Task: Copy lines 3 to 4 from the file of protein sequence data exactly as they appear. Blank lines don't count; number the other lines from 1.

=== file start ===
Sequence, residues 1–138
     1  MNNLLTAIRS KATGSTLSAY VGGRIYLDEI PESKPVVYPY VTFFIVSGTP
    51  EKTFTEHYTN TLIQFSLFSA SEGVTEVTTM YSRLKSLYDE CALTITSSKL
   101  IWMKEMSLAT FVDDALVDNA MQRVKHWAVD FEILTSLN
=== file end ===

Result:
    51  EKTFTEHYTN TLIQFSLFSA SEGVTEVTTM YSRLKSLYDE CALTITSSKL
   101  IWMKEMSLAT FVDDALVDNA MQRVKHWAVD FEILTSLN